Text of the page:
In a change to the original plans for Harry Wild, the new mystery series is to be set in Ireland, as star of the show Jane Seymour told Oliver Callan on The Ryan Tubridy Show. Written by Jo Spain and Dave Logan, the 8-part drama was supposed to take place in England. Filming was moved to Ireland due to Covid, and the idea was to modify Dublin locations to make them look 'English'. Then there was a change of mind, Jane says:
"Because of Covid and everything, they said we’ll make it in Ireland, and make Ireland look like England. Then somebody brilliant said: ‘Why don’t we just make it be Ireland, and actually embrace everything that’s wonderful in Ireland and in Dublin?’ And I’m just so proud of that and so glad."
Currently filming in Dublin and savouring the same Dalkey sunrises once so beloved of Matt Damon, the Emmy and Golden Globe-winning actor says she’s delighted with her role in Harry Wild. Seymour plays a retired English professor who uses her literary knowledge to help her Garda son with his investigations; much to his annoyance:
"She finds herself helping her son who’s a guard solve murders, which he’s not very happy about, as I keep finding out because she’s always right. And she’s quite a character."
Even after an injury on set, when she sustained multiple knee fractures running through a Dublin city park, Seymour’s long experience and famous work ethic kept her going:
"I slid on the damp or whatever and went full forward and managed to land on my left knee which was not good because I got multiple hairline fractures, but I did not miss a minute of work. They taped me up. I didn’t realize it was fractured at the time and I managed to finish what was left of that scene and worked the next day."
Seymour has a breathtaking acting CV, taking in pretty much every genre going. The choice she made to take roles in long-running TV series like Dr Quinn, Medicine Woman have secured her legacy. This wasn’t always the obvious choice for film actors in the past though. Hard to believe now, but there was a time when the bigger movie stars turned down TV roles for fear of losing status or opportunities. Jane Seymour sticks by her choices and technology has since caught up with her:
"I was called the ‘Queen of the Mini-series’, because I got to do all of these wonderful mini-series. And if you think about it now; that’s kind of what streaming is now, on all the streaming channels."
The longevity of shows like Dr Quinn has been secured by streaming, with the series playing constantly in around 98 countries, including China and Romania, Seymour says. Jane tells Oliver she would be more than happy to reprise her role as Dr Quinn, but there are no immediate plans for a re-launch:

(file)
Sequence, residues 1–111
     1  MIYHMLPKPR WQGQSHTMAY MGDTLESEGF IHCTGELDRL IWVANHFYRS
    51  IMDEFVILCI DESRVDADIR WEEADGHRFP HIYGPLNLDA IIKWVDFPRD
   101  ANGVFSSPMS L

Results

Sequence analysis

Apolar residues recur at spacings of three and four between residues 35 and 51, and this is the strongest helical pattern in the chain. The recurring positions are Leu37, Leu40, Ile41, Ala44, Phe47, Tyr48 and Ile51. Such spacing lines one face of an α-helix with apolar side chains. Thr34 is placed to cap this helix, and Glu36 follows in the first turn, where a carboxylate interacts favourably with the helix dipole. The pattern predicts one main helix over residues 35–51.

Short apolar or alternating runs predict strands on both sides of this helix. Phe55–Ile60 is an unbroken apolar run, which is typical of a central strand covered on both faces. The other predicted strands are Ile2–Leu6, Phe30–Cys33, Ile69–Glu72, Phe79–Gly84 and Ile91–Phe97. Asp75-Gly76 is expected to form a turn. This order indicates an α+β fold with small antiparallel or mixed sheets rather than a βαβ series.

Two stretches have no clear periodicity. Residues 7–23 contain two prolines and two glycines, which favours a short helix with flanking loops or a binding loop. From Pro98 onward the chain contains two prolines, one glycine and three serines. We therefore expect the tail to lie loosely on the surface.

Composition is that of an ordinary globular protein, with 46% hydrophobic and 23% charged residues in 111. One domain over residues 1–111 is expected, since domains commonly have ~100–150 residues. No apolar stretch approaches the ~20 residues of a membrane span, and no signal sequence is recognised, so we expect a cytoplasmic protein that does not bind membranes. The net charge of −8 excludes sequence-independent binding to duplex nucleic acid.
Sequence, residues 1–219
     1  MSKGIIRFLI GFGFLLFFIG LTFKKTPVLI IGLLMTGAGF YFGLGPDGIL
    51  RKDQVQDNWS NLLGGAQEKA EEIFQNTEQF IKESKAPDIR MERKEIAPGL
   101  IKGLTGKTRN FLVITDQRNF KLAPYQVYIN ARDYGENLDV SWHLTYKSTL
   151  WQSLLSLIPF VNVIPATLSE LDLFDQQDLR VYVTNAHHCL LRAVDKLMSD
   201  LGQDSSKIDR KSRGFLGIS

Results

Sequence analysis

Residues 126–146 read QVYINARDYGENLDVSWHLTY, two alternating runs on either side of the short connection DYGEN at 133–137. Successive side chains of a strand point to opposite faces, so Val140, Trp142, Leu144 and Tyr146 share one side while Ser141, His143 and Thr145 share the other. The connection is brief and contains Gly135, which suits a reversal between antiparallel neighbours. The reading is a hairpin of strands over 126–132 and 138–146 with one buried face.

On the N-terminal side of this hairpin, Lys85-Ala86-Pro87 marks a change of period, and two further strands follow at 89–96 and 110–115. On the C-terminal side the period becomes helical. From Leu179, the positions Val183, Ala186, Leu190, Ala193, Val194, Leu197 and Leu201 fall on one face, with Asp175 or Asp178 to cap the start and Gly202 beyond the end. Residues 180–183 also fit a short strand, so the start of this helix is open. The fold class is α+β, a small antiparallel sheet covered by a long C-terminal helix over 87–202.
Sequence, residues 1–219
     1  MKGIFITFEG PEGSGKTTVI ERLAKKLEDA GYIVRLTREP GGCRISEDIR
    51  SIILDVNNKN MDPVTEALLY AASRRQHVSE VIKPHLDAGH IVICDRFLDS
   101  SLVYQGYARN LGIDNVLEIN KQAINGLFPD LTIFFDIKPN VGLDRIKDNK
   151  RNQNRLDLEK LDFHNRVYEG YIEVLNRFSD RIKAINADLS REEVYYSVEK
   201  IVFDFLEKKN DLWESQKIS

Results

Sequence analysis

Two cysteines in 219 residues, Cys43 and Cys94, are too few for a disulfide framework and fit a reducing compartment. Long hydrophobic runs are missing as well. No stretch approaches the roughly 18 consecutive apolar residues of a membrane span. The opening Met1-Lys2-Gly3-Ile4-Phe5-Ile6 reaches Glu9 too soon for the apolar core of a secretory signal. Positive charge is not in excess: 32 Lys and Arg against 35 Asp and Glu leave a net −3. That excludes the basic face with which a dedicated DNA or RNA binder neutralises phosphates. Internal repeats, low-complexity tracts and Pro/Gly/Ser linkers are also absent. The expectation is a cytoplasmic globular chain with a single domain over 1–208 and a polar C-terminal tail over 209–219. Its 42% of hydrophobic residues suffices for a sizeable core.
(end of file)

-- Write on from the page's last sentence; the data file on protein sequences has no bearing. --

"We keep trying to bring it back, but I don’t know whether anyone’s going to let us do that, but it really stands on its own."
Producers who cast Jane Seymour for her skill and her work get the benefit of a magnificent publicist, it seems. Jane segued elegantly from her past successes to promoting her current project:
"The people who loved Dr Quinn will actually probably love Harry Wild too. I mean it’s quite different; it’s very today. And it’s so well written, oh my gosh!"
When it comes to recent conversations around diversity in awards ceremonies, Seymour politely side-stepped the politics, saying she was proud of her work on East of Eden, for which she received a Golden Globe, whether it deserved an award or not:
"I was happy for the day that it happened, and you know, I feel that the work was worthy of something, whether it was a Golden Globe or a bottle of champagne. But I’m not going to get into the politics of all that."
After such a full career, Oliver wanted to know what was left to be done. Jane implied she had reached the pinnacle of life’s bounty at a recent barbecue, served up by the husband of her co-star in Harry Wild, Amy Huberman. So, what sort of a cook is Brian O’Driscoll anyway, Oliver wanted to know?
"Unbelievable! I don’t even eat meat and I couldn’t get enough of it. I had the sausages, I had the hamburger, then the chicken and the salad. And he cooks the whole thing and does the washing up, I’ll have you know."
Jane Seymour talks about how Alan Arkin lobbied successfully to expand her role in The Kominsky Method, her relationship the famous family behind the James Bond franchise, and her memories of filming the WW2 drama War and Remembrance; that’s all in the full interview with Oliver Callan which you can listen to here.
- Ruth Kennedy